Why would you be an idiot it you stayed in the right lane and didn't get in anyones way and got to your destination at the same time they did, using less gas and spending less money.
Anybody who sticks to the legal speed limit should be ticketed?
Now there's logic for you..
Do you drive a Volvo?
nimh wrote:There are reasonable grounds to ague that it's the speed differential itself that causes a consequential percentage of multi-car accidents and not the absolute speed per se, and in fact some countries are listening to this idea. Accident stats and posted speed limits aside however, I don't see much energy conservation on the streets of Vancouver, British Columbia, Canada.Speed differences are what cause most problems.
Quote:http://www.ibiblio.org/rdu/sl-irrel.htmlThe primary conclusion of this research is that the majority of motorist on the nonlimited access rural and urban highways examined in this study did not decrease or increase their speed as a result of either lowering or raising the posted speed limit by 4, 10, or 15 mi/h (8, 16, or 24 km/h). In other words, this nationwide study confirms the results of numerous other observational studies which found that the majority or motorist do not alter their speed to conform to speed limits they perceive as unreasonable for prevailing conditions.
The data clearly show that lowering posted speed limits did not reduce vehicle speeds or accidents. Also, lowering speed limits well below the 86th percentile speed did not increase speeds and accidents. Conversely, raising the posted speed limits did not increase speeds and accidents. The majority of motorist did not drive 5 to 10 mi/h (8 to 16 km/h) above the posted speed limit when speed limits were raised, nor did they reduce their speed by 5 or 10 mi/h (8 to 16 km/h) when speed limits were lowered.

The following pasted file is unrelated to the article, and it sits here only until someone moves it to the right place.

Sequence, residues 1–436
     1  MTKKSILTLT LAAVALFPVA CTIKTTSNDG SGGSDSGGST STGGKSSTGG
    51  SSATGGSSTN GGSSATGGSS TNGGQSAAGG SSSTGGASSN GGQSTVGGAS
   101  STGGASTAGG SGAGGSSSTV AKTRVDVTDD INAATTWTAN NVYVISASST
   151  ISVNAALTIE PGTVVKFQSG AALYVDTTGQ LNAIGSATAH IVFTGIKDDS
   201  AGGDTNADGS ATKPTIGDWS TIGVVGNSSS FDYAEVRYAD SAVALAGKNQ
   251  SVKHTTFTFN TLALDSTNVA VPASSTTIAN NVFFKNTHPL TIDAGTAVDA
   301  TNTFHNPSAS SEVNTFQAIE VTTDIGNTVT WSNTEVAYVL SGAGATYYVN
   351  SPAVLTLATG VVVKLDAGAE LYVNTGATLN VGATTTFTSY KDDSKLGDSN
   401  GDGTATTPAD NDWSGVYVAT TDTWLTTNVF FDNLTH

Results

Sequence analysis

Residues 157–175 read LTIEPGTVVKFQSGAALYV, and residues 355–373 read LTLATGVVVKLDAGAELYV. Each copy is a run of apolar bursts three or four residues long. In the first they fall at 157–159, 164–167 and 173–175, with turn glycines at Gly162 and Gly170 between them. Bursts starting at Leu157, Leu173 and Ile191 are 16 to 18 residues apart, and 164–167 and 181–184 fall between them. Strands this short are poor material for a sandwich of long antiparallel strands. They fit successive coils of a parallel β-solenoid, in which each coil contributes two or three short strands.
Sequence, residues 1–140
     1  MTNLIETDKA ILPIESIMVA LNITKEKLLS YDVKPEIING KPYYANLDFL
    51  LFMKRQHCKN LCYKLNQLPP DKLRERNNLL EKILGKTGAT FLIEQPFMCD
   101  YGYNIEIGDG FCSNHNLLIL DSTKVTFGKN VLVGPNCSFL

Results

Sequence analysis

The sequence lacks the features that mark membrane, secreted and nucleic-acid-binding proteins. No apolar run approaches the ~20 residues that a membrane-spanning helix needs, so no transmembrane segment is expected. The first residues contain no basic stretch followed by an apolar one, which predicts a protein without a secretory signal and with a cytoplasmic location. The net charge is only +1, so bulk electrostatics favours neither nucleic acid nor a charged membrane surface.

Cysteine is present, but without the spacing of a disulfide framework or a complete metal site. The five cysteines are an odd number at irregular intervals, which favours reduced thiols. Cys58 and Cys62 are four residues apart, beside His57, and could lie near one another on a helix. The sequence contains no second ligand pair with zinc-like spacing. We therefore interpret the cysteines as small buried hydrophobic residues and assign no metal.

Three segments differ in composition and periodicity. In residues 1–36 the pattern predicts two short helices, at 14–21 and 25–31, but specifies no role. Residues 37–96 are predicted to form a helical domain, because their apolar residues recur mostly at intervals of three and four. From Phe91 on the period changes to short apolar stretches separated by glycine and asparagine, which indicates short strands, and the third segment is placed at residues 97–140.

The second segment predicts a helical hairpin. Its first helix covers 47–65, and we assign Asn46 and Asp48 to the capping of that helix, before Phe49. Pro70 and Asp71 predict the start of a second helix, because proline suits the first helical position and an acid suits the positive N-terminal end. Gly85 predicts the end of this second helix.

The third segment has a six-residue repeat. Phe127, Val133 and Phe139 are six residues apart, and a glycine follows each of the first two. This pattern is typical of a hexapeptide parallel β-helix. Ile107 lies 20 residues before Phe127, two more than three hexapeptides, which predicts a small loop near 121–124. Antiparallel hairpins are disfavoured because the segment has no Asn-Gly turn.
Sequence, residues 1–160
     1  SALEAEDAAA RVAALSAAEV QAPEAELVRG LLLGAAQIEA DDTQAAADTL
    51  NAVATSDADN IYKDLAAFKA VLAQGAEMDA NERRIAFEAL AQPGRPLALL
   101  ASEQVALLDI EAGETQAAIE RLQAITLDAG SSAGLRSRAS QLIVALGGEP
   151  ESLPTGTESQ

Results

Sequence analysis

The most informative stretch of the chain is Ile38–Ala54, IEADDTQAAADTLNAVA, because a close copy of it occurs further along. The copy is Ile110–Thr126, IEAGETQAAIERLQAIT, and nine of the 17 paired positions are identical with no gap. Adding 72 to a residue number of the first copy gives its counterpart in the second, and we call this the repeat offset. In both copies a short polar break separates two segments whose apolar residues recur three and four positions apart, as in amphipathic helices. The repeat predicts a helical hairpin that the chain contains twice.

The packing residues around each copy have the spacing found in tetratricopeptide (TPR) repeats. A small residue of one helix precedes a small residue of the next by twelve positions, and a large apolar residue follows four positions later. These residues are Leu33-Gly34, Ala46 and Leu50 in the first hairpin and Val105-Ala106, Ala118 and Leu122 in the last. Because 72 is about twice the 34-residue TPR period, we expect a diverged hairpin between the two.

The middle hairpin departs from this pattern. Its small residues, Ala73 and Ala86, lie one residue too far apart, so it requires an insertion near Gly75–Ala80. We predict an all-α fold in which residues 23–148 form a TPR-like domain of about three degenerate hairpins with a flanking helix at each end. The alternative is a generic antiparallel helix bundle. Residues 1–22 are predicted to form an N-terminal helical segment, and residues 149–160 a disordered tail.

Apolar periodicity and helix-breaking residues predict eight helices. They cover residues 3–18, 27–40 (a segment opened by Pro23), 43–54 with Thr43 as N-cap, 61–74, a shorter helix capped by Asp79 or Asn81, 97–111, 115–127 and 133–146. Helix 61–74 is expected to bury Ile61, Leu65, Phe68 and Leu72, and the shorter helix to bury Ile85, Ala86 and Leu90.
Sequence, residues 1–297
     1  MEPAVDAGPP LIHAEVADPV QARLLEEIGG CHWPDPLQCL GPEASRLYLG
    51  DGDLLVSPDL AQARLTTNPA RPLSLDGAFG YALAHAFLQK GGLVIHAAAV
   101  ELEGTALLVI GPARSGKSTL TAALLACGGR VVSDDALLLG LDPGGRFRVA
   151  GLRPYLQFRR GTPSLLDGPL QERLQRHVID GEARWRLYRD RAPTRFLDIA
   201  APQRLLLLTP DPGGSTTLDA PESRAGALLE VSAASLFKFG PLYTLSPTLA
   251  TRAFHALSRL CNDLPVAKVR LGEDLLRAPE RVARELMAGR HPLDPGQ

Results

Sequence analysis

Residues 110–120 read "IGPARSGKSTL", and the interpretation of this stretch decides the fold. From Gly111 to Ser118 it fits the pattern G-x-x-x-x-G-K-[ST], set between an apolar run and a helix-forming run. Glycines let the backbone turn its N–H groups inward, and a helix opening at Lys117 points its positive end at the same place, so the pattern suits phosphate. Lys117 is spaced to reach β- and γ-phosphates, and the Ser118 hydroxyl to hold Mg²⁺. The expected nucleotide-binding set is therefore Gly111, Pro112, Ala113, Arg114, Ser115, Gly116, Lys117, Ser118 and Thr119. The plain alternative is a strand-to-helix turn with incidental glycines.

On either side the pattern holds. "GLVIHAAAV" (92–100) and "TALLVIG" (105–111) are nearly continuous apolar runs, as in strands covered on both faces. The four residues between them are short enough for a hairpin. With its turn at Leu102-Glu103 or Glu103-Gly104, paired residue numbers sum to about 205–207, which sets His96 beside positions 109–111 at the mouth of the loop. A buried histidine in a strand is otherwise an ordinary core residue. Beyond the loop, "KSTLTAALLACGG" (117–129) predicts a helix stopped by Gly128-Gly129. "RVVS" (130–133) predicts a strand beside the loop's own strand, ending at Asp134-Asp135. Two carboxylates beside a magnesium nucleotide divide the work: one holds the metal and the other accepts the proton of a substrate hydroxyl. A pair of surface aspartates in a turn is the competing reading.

Because there were few changes in the speed distribution, it is not surprising that the overall effects of speed limit changes on accidents were minor. It is interesting to note that compliance decreased when speed limits were lowered and accidents tended to increase. Conversely, when compliance improved after speed limits are raised, accidents tended to decrease.
Based on the sites examined in 22 States, it is apparent that the majority of highway agencies set speed limits below the average speed of traffic as opposed to setting limits in the upper region of the minimum accident risk band or about 85th percentile speed. This practice means that more than one-half of the motorist are in technical violation of the speed limits laws.
But do you fire your NRA-sanctioned automatic weapons at slow drivers? That makes you a real American.
That is the best arguement I have ever heard in my life.
Texas law says "slower traffic keep right," so impeding faster lanes breaks the law.